The DOL announced the proposed changes on Friday in a press release, stating, ”The basic promise of the FMLA is that no one should have to choose between succeeding at work and being a loving family caregiver … Under the proposed revisions, the FMLA will be applied to all families equally, enabling individuals in same-sex marriages to fully exercise their rights and fulfill their responsibilities to their families.”
The Notice is Not Unexpected
It was only a matter of time before this regulatory announcement became reality. In fact, the DOL foreshadowed the move when it issued Technical Release 2013-04 in September 2013, at which time the agency took the position that — at least with respect to employee benefit plans — the terms “spouse” and “marriage” in Title I of ERISA and its implementing regulations “should be read to include same-sex couples legally married in any state or foreign jurisdiction that recognizes such marriages, regardless of where they currently live.”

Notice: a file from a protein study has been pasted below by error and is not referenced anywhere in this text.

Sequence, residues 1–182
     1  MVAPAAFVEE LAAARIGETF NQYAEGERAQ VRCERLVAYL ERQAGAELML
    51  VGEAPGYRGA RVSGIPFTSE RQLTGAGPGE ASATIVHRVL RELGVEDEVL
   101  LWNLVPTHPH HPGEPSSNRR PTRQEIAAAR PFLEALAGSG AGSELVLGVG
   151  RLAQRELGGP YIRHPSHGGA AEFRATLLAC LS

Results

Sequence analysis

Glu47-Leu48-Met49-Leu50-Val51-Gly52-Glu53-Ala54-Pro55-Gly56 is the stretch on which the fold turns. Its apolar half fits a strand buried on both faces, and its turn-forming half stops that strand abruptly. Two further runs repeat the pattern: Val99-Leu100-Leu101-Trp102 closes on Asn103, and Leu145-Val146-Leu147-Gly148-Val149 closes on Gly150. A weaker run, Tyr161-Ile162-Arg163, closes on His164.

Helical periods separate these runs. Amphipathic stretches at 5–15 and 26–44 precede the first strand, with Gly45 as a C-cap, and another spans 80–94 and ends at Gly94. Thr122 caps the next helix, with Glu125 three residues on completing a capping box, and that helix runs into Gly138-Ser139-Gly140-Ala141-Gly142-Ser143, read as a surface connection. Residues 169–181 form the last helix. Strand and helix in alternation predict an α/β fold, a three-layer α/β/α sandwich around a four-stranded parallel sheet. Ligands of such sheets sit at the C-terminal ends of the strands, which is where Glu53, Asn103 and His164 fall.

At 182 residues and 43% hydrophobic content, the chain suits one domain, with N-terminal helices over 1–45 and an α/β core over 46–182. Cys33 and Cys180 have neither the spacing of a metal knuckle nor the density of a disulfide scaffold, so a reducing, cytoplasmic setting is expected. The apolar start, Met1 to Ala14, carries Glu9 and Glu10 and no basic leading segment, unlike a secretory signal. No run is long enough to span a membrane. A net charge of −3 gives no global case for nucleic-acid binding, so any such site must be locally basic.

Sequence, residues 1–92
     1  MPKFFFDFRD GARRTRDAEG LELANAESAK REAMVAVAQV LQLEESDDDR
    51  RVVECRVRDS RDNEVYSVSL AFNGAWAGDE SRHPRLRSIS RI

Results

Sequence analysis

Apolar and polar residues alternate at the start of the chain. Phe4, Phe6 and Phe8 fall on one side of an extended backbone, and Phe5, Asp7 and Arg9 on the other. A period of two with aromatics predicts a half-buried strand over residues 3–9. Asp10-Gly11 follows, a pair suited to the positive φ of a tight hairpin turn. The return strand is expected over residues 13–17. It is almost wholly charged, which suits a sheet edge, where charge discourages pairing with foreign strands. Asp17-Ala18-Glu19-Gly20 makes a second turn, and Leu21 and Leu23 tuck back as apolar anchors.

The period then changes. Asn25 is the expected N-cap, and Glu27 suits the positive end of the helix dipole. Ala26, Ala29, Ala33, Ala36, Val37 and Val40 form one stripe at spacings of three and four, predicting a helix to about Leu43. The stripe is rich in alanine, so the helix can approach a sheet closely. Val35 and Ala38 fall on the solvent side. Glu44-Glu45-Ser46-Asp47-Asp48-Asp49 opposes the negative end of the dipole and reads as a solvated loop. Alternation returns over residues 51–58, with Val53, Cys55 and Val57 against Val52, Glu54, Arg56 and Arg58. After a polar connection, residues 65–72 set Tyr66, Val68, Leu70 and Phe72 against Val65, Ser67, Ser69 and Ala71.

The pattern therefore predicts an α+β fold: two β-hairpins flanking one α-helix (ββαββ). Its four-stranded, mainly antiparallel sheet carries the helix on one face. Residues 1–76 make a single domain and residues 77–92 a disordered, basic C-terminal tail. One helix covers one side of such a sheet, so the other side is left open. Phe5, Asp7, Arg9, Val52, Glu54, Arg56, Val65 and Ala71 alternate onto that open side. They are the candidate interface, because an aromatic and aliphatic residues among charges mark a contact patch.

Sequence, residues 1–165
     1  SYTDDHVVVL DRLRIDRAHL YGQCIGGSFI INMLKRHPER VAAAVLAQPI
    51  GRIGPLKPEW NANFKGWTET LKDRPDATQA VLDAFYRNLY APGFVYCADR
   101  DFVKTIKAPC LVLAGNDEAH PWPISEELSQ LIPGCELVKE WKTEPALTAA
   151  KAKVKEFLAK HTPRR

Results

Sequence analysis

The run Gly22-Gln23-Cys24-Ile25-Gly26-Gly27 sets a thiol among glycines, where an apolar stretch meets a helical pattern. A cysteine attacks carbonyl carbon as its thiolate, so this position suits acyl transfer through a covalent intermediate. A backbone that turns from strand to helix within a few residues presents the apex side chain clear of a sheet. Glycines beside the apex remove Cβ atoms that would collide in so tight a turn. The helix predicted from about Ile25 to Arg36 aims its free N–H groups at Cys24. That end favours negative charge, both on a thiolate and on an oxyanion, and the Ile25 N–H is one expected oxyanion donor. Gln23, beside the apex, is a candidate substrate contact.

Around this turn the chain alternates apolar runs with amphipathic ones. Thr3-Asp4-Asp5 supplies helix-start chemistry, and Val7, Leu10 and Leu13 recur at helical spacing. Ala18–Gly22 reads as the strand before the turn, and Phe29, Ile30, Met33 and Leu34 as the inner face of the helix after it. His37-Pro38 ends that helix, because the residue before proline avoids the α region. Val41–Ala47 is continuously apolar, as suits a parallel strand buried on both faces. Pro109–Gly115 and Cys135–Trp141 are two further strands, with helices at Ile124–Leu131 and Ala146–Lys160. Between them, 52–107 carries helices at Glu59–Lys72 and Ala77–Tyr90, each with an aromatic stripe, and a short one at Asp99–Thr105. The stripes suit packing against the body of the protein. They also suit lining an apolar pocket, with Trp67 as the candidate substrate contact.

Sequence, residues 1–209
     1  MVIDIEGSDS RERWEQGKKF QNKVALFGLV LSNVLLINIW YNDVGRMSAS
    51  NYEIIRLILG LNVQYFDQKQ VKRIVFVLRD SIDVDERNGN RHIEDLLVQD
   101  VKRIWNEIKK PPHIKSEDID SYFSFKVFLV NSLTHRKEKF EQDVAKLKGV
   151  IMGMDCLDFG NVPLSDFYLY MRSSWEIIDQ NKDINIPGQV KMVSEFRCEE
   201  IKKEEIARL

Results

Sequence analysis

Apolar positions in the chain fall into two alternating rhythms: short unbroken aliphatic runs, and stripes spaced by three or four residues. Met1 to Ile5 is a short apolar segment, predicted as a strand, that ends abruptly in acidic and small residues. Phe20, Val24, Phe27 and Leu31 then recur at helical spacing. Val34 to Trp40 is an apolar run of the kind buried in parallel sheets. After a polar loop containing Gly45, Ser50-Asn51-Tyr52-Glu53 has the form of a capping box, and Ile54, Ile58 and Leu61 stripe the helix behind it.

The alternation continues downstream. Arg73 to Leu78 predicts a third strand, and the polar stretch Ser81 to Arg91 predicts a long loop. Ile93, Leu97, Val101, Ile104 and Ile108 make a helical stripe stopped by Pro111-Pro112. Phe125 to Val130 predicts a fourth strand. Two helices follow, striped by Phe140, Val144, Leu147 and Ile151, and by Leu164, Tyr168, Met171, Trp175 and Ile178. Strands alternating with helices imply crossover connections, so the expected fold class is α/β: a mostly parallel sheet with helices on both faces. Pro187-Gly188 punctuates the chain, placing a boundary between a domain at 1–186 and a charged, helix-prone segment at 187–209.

As with other proposed regulatory changes, the public will be given the chance to provide comment directly to the DOL on the proposed change before the agency issues a final rule on the issue. After the final rule is adopted, employers should review and amend their FMLA policy and procedures, as well as all FMLA-related forms and notices.
On June 26, 2013, the US Supreme Court declared the Defense of Marriage Act (DOMA) as unconstitutional. DOMA had previously established the federal definition of marriage as a legal union only between one man and one woman. The extinction of DOMA already has HR departments thinking how this will impact the future of the Family and Medical Leave Act (FMLA) as well as other benefits.